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J Craniofac Genet Dev Biol. 1988;8(3):265-76.

Sites of serotonin uptake in epithelia of the developing mouse palate, oral cavity, and face: possible role in morphogenesis.

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  • 1Department of Anatomy, University of North Carolina, School of Medicine, Chapel Hill 27599.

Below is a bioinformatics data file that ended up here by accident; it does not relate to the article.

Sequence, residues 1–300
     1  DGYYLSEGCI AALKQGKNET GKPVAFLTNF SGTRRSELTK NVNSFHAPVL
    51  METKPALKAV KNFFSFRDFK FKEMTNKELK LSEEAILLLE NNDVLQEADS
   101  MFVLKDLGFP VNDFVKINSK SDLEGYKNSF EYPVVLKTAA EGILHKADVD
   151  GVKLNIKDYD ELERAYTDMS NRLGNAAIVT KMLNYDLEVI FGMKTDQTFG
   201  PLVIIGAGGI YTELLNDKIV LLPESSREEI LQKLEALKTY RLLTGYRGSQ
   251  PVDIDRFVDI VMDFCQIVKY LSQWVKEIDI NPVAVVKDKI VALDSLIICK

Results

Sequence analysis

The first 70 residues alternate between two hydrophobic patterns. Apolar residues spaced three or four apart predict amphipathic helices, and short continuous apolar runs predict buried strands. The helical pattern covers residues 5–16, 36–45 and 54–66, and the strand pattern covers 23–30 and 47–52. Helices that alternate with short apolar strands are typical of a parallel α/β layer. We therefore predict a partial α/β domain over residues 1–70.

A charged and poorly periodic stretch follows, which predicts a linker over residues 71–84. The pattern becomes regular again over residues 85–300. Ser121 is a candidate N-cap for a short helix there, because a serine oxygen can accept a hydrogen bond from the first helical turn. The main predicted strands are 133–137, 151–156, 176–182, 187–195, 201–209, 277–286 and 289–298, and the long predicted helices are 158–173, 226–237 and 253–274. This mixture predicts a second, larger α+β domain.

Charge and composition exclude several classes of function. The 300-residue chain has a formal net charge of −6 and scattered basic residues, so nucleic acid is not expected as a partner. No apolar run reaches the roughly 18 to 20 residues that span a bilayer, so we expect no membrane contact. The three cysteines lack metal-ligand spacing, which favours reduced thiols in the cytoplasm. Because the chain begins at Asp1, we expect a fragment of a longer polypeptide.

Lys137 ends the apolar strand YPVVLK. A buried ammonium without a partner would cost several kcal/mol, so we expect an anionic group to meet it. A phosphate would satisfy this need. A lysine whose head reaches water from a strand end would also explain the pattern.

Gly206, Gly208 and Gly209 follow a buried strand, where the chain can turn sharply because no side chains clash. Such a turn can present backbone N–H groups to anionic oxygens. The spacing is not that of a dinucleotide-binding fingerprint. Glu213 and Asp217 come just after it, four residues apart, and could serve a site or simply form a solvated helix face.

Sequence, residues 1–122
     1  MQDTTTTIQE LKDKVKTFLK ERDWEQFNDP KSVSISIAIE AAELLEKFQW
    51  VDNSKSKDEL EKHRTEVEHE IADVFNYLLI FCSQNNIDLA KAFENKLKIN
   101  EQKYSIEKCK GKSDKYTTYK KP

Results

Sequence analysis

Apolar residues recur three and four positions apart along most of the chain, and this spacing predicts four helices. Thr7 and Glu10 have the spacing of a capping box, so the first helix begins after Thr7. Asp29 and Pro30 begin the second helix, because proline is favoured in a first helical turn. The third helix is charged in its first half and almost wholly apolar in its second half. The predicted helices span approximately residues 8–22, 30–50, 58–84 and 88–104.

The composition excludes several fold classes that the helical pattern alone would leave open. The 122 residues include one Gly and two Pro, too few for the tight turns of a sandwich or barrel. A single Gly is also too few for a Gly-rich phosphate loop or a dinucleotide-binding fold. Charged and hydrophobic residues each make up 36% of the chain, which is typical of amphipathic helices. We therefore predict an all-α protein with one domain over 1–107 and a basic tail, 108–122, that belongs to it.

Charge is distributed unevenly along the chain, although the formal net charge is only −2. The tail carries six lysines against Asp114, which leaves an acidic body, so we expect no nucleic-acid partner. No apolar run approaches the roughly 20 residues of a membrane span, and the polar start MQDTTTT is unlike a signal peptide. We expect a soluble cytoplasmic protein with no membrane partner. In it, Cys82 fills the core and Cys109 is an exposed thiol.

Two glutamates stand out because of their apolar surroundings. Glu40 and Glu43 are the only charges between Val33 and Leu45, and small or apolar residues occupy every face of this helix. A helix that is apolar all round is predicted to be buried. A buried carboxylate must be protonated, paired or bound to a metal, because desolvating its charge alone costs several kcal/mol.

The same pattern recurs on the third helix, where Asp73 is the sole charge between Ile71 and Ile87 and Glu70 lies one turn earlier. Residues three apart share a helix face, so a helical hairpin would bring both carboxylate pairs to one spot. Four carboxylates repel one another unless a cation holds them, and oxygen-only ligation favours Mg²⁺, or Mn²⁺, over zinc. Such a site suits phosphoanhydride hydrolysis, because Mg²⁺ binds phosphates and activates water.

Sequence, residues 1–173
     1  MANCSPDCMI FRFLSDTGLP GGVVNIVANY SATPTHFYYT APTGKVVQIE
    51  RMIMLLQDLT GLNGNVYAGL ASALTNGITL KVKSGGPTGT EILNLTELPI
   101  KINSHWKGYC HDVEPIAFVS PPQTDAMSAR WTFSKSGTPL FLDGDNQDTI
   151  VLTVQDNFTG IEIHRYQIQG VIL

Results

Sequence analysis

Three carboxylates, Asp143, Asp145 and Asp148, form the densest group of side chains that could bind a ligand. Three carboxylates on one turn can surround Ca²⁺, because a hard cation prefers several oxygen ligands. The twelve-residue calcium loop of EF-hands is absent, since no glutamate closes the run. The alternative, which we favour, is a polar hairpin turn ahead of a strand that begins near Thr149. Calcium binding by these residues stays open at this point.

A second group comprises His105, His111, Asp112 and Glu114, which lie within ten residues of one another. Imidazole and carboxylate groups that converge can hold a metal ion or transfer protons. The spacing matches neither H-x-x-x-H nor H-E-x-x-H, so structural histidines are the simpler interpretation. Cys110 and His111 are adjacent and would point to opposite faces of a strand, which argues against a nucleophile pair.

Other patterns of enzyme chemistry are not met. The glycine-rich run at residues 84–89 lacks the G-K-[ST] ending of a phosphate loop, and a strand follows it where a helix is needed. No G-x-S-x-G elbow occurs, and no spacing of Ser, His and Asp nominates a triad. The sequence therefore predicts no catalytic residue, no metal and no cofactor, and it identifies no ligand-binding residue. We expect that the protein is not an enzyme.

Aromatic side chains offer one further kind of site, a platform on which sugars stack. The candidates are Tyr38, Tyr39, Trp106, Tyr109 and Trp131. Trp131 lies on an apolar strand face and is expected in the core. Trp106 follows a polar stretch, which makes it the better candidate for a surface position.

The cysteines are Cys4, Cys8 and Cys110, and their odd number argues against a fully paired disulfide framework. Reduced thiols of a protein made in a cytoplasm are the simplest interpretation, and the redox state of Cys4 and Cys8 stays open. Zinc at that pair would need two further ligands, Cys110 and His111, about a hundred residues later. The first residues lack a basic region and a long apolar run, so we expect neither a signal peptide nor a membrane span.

With the method of whole mouse embryo culture, together with immunocytochemistry with an antiserum to serotonin (5-HT), sites of 5-HT uptake were found to be transiently expressed in the epithelia of the developing palate, tongue, nasal septum, and maxillary and mandibular prominences during the period of active morphogenesis (embryonic days 12-14; or E12-14). These sites had the ability to take up 5-HT when added to the culture medium in the presence of the MAO inhibitor nialamide and an antioxiant, L-cysteine (NC), and could also be seen after exposure of embryos to the 5-HT precursor L-tryptophan (L-TRP) + NC. These sites were also visible after culturing embryos without any additives, which may have been due to the presence of L-TRP in one component of the culture medium (DMEM) or to 5-HT itself, which is present in relatively high amounts in fetal calf serum. At E12-13, the appearance of 5-HT immunoreactivity (IR) at these sites after treatment with 5-HT + NC was blocked by the 5-HT uptake inhibitor fluoxetine, providing further evidence that these are true sites of 5-HT uptake. However, fluoxetine did not completely block the appearance of these sites in E14 embryos after 5-HT + NC or L-TRP + NC although it was effective with NC alone. This finding could mean that at E14 5-HT uptake into these sites occurs by mechanisms not completely blocked by fluoxetine or that there is some limited capacity for 5-HT synthesis. Taken together with results from previous studies where 1) 5-HT has been reported to stimulate palatal shelf reorientation and palatal mesenchyme cell motility in vitro [Wee et al., J Embryol Exp Morphol 53:75-90, 1979; Zimmerman et al., J Craniofac Genet Dev Biol 3:371-385, 1983] and 2) long-term culturing of mouse embryos in the presence of 5-HT or fluoxetine has been shown to cause malformations of the craniofacial region (Lauder, Thomas, and Sadler, in preparation), the results of the present study suggest that 5-HT could act as a developmental signal in the palate, oral cavity, and face during the period of active morphogenesis.

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